Satire can be so subtle. That’s what I thought at first when I read Nick Bilton’s column on digital etiquette in The New York Times. When Mr. Bilton wrote, “Some people are so rude. Really, who sends an e-mail or text message that just says ‘Thank you’? Who leaves a voice mail message when you don’t answer, rather than texting you? Who asks for a fact easily found on Google? Don’t these people realize that they’re wasting your time?” I waited for my laugh cue. Surely the “you” whose time was being “wasted” by thank-yous and voice mails was being held up for mockery. Right? Here I am, Mr. Bilton. Ready to get the joke.
But the laugh moment never arrived. Not even when Bilton went on about the difficulty of accessing voice mail. Not even when he wrote—in what I was sure was a send-up of some tech-snotty persona—
My father learned this lesson last year after leaving me a dozen voice-mail messages, none of which I listened to. Exasperated, he called my sister to complain that I never returned his calls. “Why are you leaving him voice mails?” my sister asked. “No one listens to voice mail anymore. Just text him.”
My mother realized this long ago. Now we communicate mostly through Twitter.
Alas. Bilton’s argument is totally sincere. He believes that salutations and sign-offs, even of the abbreviated sort that we employ in e-mail, are a waste of the recipient’s valuable time. That asking an author where one can buy her book is offensive because that information is available on the Internet. That with Google Maps available everywhere (everywhere! Because we all hold smartphones in our hands with perfect reception everywhere!), those who request directions to a host’s house are insulting him. And worst, when said host responds with these ridiculous directions that you oughtn’t have needed, replying with an e-mailed or texted “thank you” rudely wastes the host’s time.
If this is self-mockery, it is of the most unconscious sort. Bilton trots out Emily Post’s great-great grandson to bolster his case, but he doesn’t seem to understand that when Post’s descendant notes how Bilton’s impatience “gives the impression that digital natives can’t be bothered to nurture relationships,” he is being warned not to flaunt his ire over actions that many consider not merely inoffensive but thoughtful.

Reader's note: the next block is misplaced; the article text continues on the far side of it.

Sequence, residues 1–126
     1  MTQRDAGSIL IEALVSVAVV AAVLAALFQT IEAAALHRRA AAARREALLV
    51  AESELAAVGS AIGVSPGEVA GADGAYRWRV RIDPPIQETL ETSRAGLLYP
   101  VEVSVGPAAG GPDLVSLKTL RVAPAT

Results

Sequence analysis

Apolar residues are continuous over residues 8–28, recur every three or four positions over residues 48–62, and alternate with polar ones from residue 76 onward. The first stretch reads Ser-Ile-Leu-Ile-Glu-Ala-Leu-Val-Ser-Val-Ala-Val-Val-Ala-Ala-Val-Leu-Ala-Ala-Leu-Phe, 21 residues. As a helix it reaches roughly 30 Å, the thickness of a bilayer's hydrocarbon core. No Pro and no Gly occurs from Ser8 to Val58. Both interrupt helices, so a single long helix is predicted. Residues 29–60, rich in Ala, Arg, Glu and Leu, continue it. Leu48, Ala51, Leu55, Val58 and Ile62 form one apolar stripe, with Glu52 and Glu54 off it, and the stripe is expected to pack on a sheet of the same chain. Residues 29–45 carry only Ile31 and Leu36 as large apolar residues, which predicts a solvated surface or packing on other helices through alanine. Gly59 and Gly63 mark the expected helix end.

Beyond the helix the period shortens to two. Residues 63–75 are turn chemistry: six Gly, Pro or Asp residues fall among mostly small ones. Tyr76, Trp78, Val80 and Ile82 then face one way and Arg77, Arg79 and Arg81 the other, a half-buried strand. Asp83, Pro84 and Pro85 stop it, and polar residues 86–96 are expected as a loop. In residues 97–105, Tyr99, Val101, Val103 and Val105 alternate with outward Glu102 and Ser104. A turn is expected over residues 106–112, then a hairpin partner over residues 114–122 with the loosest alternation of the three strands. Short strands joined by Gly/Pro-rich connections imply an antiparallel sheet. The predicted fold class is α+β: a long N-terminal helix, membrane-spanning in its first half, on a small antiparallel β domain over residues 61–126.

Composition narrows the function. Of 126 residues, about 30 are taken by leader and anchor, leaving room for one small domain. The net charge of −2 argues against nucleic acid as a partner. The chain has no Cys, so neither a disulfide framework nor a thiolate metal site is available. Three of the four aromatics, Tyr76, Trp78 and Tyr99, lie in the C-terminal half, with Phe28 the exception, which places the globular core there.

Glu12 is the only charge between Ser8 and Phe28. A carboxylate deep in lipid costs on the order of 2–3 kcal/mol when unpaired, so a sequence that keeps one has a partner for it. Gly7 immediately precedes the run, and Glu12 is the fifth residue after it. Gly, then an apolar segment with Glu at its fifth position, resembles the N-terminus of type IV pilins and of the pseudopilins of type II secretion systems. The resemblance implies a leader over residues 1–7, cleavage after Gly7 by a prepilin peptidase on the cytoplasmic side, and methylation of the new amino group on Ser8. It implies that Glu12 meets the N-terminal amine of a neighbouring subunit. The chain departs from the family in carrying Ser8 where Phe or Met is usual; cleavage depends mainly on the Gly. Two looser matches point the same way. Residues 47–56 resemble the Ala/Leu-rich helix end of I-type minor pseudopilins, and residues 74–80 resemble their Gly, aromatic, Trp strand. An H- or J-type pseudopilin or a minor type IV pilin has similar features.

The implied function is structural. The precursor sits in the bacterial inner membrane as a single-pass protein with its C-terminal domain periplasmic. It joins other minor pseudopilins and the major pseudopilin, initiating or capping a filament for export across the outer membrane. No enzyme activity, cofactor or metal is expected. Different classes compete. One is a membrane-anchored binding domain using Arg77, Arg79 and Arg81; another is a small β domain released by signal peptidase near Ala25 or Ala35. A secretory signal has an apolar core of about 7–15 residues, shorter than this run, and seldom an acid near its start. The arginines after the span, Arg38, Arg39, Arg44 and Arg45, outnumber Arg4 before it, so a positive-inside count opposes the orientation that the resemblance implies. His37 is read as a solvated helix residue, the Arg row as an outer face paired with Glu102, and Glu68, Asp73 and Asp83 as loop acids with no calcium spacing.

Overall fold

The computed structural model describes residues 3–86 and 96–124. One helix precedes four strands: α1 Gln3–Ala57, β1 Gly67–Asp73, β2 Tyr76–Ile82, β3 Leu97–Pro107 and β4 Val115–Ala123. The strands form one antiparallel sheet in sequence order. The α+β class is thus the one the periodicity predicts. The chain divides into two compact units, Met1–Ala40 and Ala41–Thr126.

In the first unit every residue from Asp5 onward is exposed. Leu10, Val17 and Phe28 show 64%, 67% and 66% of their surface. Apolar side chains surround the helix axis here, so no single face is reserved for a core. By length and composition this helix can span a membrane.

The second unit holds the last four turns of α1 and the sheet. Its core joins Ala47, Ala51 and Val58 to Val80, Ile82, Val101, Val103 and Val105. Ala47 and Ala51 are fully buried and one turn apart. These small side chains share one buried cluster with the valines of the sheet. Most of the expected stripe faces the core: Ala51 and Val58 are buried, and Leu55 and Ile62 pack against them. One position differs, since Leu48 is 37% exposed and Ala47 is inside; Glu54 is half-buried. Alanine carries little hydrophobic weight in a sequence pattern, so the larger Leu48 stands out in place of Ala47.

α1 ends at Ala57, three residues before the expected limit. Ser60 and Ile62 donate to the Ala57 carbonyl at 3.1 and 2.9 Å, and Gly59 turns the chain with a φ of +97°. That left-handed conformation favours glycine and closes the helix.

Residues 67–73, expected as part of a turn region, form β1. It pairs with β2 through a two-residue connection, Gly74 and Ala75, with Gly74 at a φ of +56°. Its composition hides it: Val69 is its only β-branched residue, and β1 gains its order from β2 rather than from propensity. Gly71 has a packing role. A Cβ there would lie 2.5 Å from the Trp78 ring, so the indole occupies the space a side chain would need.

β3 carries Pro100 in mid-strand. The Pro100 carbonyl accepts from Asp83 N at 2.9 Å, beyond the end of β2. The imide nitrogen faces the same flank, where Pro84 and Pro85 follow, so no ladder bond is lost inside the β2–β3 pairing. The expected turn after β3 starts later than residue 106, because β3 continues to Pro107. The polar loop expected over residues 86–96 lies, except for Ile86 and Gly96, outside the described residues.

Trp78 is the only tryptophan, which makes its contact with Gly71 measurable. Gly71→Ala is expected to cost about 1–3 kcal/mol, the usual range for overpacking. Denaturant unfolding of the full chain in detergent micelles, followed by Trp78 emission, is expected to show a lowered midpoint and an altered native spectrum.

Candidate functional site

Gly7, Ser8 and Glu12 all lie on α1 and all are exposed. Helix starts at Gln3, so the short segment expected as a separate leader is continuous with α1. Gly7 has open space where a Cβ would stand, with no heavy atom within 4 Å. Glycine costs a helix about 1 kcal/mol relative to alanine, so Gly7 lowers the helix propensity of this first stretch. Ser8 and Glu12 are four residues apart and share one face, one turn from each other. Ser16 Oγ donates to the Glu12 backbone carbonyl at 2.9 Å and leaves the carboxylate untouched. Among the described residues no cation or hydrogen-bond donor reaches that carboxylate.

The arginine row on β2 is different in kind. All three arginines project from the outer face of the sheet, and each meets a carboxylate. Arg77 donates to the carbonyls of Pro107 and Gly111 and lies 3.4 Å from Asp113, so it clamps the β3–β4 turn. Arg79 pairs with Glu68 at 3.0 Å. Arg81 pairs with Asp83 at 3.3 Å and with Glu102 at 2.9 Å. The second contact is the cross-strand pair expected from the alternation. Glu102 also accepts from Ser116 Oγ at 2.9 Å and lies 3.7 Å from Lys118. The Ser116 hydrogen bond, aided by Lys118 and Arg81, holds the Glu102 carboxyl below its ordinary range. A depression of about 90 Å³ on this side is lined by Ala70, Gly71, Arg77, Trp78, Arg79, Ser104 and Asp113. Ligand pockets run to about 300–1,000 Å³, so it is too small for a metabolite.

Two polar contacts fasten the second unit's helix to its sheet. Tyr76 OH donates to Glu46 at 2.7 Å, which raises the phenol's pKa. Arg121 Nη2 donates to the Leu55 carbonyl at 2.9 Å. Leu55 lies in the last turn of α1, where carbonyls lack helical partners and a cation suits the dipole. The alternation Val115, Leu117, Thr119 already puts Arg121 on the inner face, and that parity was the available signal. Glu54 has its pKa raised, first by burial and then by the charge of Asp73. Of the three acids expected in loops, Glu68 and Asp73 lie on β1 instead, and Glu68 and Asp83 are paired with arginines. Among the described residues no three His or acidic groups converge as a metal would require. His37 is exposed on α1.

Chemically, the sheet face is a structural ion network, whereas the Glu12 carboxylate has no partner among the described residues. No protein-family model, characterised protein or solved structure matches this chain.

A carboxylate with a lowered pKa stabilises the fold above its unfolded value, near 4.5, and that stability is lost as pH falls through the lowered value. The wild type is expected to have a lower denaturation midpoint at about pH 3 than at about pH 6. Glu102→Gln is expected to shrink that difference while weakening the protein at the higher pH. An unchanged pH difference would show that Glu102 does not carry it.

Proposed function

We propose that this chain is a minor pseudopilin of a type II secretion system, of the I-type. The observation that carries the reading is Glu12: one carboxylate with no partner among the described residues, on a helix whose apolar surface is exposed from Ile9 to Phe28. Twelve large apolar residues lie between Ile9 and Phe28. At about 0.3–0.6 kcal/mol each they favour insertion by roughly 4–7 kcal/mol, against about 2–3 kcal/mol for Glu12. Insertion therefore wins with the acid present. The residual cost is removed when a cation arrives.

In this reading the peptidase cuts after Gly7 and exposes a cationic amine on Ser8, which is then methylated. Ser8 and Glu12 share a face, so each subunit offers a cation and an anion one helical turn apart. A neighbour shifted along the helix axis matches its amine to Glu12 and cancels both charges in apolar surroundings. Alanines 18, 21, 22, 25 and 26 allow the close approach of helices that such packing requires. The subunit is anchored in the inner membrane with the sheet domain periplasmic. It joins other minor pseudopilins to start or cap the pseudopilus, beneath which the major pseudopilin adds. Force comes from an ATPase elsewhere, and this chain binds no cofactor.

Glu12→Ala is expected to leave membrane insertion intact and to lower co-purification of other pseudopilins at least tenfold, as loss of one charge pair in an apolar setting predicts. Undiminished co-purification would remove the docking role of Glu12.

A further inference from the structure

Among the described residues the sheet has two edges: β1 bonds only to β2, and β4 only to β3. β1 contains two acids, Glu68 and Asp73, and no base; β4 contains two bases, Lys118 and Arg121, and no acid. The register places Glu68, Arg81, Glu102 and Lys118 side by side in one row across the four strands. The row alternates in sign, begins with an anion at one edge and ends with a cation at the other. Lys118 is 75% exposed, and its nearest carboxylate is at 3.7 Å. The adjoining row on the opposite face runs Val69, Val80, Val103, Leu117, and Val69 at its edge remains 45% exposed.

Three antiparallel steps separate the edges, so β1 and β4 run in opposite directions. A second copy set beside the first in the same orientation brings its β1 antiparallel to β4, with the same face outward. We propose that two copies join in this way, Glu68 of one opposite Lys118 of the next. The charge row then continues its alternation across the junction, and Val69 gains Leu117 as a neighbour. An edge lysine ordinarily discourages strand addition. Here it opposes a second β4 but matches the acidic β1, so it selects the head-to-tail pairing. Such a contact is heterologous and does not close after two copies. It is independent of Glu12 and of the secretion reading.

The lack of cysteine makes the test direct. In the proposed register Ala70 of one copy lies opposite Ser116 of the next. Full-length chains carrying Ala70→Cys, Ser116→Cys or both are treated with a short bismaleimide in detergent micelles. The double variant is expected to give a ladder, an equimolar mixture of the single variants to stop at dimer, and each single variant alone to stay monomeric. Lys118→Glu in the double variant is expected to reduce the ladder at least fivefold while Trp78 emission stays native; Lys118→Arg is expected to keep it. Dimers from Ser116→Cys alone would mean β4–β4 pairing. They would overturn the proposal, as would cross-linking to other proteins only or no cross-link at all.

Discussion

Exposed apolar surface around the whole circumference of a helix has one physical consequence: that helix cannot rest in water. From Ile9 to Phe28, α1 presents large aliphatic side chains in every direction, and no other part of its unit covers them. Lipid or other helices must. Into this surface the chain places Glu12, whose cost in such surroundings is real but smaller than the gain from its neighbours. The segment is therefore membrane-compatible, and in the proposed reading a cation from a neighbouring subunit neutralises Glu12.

You have to feel sorry for the guy, who in the end received 500 comments universally condemning him for failing to respond to his dad’s messages. But what disturbs me most about this doomed foray into teaching the rest of us our digital manners is that Bilton frames his argument as a lesson from the young to the old. Indeed, my 20-something sons prefer texting to e-mail and don’t leave voice mails when they call. But my brother and I weren’t the height of politeness when we were in our 20s, either. No, if Bilton’s message is from any one group to any other group, it is from the haves to the have-nots. It never occurs to our fortunate fellow that not everyone can afford a smartphone or a limitless texting plan. Nor that not everyone has access, at all times of day and in all circumstances, to Internet information.
Digital etiquette is changing the way we communicate with each other. Writing “Dear X” on an e-mail can sound either too formal or too intimate, now that “Hi X” has become the norm. E-mails are starting to take their cue from text messages, sometimes dispensing with salutations altogether, which some find abrupt and others don’t. Some respondents obviously believe that “Reply all” is a more appropriate way, say, to congratulate one member of a group than an individual “Reply” to that person, whereas others find the cacophony of kudos self-referential and offensive. We have much to learn from each other. But if you don’t want voice mail, turn off your automatic answering feature (if you’re so tech-savvy, that should be easy). If you can’t stand to divulge directions, don’t be surprised if I have trouble finding your house. And if you resent being thanked … well, that’s an issue for your therapist. Emily Post can’t help you there.Return to Top